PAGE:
Whether at home or in the workplace, electrical power cables are everywhere. With electrical appliances being a key part of our everyday lives, many of us don’t give a second thought as to whether a power cable is a disaster waiting to happen. But it might be.
Power cables are usually coated with PVC or cotton. This makes the power cables safe to handle as these materials don’t conduct electricity.
But the moment a chord becomes frayed or worn, the exposed internal wires can cause electrical shocks or fires. Although you might think it’ll never happen to you, each year 25.9% of electrical fires can be attributed to faulty appliances and power cables.
To help you avoid potentially lethal wires, we’ve noted down everything you need to know below.
How to identify faulty power cables?
Before you use an electrical appliance, it’s a good idea to check any power cables before using them. If you suspect any damage or they feel warm, you should refrain from using them.
When you give the cables a once-over, you should keep a look out for:
- Exposed wires
- Melted plastic
- Burn marks
If you spot any of the above signs, the best thing to do is to replace the power cord. Try to avoid replacing the appliance if possible and opt for fixing it where you can. This way you won’t be contributing to the 347 million metric tonnes of unrecycled e-waste on Earth in 2023.
How to know when to change your cable?
As well as looking out for the above signs, cables in a workplace should be graded. For example:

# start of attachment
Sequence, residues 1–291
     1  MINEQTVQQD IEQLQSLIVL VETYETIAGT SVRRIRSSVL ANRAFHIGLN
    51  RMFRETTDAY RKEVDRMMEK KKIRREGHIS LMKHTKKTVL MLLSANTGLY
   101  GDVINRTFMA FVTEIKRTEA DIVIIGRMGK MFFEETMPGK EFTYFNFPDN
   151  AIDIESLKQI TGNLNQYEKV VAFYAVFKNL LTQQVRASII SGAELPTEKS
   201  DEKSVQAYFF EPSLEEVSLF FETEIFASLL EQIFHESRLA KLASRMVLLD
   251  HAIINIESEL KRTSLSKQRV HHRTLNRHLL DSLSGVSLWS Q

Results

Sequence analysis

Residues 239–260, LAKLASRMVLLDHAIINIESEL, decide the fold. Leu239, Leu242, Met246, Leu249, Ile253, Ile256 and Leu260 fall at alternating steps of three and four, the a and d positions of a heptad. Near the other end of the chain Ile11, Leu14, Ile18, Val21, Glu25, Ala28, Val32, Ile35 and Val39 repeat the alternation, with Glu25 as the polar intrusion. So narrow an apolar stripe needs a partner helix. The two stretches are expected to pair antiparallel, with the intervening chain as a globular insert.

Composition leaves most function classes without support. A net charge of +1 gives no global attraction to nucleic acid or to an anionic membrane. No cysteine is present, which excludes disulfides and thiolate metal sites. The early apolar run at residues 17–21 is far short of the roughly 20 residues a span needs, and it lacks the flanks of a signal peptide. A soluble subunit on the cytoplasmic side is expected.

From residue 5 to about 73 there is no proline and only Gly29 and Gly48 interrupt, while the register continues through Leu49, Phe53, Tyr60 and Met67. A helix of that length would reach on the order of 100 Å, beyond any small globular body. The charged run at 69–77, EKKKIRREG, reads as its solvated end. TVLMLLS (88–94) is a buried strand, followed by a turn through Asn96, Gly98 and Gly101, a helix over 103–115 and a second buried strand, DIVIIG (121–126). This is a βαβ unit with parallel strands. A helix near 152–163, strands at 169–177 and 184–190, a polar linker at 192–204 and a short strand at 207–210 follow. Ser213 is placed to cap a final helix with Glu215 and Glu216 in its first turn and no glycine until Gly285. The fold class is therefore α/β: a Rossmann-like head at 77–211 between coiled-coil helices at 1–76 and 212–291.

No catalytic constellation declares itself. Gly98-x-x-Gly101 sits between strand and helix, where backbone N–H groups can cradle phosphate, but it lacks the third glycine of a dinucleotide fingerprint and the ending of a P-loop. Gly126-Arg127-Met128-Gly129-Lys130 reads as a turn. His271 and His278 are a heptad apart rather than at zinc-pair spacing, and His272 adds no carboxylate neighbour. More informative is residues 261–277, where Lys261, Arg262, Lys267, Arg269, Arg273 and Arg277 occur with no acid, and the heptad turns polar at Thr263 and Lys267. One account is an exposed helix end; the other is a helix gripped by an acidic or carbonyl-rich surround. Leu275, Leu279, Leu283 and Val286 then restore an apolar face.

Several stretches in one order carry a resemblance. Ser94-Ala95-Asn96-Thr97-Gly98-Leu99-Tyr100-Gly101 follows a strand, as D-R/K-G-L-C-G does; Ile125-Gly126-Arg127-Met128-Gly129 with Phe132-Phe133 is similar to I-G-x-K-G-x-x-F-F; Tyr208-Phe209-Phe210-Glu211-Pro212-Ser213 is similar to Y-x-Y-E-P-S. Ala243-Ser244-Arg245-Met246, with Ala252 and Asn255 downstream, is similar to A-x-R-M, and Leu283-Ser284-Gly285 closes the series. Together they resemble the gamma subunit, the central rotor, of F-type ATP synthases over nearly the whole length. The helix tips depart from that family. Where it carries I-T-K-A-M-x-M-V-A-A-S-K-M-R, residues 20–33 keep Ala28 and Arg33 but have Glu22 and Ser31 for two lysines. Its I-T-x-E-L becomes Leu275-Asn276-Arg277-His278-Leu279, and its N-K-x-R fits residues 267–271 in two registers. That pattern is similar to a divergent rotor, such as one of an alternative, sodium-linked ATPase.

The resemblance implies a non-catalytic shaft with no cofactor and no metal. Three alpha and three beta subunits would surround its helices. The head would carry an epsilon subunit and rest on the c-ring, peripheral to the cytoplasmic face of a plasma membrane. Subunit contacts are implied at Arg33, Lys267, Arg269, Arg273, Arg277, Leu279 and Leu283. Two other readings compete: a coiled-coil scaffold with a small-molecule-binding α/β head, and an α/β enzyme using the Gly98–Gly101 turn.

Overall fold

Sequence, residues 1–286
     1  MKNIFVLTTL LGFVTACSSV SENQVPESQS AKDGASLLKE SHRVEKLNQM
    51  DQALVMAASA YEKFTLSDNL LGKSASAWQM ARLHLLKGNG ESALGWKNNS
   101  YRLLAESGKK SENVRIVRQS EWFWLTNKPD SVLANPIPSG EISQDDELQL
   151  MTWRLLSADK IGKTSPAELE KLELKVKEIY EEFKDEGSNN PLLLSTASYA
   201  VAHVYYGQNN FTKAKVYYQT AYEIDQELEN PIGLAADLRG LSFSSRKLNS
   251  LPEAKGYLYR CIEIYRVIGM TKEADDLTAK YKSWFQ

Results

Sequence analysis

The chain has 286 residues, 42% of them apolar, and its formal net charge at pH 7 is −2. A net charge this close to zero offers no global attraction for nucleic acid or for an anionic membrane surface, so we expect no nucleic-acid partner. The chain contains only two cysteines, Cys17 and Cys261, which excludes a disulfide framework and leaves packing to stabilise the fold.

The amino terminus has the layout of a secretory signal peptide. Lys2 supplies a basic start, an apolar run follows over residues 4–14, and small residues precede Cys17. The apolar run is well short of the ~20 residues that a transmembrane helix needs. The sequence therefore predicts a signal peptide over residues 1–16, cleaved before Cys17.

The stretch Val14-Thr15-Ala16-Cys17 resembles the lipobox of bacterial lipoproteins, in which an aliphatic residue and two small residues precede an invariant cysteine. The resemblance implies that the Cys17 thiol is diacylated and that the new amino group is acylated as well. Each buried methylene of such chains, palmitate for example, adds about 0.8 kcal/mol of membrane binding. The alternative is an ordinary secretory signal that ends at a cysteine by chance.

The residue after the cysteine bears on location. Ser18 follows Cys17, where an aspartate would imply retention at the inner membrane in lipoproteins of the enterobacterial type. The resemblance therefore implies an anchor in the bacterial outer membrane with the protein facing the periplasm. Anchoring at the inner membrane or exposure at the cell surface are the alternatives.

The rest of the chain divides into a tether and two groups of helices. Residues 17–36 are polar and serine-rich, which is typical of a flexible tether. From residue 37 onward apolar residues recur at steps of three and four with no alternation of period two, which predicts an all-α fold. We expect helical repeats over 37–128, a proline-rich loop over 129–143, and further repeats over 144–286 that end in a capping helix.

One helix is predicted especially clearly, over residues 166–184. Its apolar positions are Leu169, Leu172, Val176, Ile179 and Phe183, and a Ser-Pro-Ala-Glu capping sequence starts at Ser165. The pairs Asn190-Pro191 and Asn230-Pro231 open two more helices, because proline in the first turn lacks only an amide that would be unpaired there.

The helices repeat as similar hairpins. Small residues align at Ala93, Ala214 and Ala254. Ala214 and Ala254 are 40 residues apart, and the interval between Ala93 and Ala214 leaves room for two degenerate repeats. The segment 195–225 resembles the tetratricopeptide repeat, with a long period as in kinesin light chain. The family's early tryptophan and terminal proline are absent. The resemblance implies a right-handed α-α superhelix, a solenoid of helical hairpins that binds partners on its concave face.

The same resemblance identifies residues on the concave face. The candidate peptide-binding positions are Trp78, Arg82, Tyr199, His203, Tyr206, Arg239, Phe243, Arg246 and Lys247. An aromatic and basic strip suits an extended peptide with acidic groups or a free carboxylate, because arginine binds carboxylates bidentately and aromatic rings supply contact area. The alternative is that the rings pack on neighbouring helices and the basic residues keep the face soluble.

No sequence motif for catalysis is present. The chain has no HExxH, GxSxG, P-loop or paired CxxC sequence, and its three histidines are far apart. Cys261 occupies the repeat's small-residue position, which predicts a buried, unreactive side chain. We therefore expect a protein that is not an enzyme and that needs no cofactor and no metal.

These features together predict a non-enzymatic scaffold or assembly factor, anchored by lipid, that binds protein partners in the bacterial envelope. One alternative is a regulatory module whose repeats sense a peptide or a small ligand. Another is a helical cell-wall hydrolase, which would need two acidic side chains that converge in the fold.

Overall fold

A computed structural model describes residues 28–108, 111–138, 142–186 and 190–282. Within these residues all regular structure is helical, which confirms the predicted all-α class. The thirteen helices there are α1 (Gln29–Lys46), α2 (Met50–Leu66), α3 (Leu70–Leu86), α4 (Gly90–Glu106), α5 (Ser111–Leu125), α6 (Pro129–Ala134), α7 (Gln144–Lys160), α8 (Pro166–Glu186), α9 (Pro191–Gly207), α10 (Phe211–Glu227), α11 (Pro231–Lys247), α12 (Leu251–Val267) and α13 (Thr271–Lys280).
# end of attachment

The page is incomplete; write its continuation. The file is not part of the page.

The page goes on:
- A-B grade cables are new or have a good appearance
- C-grade cables are chemically affected
- UV-grade cables are UV affected
- QC grade cables are those that are aging early due to sheath material issues
- M-grade cables are mechanically damaged
- H-grade cables have signs of heat and/or fire damage
You want to make sure that all your cables are A-B grade.
How to maintain your power cables
Keeping your power cables in good nick is surprisingly straightforward. A lot of it comes down to the way cables are used. Many cables have a heavy amount of wear and tear through daily use, but you can minimise the damage by:
- Properly storing your cables – When you’re not using your cables, be sure to unplug them and store them in a dry area, out of harm’s way.
- Don’t yank or strain cables – Even the most heavy-duty cords can get damaged if you’re too rough with them. To avoid cable damage, try to plug cords in as close as possible to where you’ll be using the tool/appliance. And when you unplug it? Be sure to unplug the plug, not the cord!
- Keep cords away from sharp edges – Make sure to keep your power cables away from sharp edges, saws, or doors/windows. These sharp corners can wear away the coating over time, which can be dangerous if not spotted.
So next time you go to use an appliance, stop and take a minute to check the condition of your power cable to keep yourself – and everyone else – safe.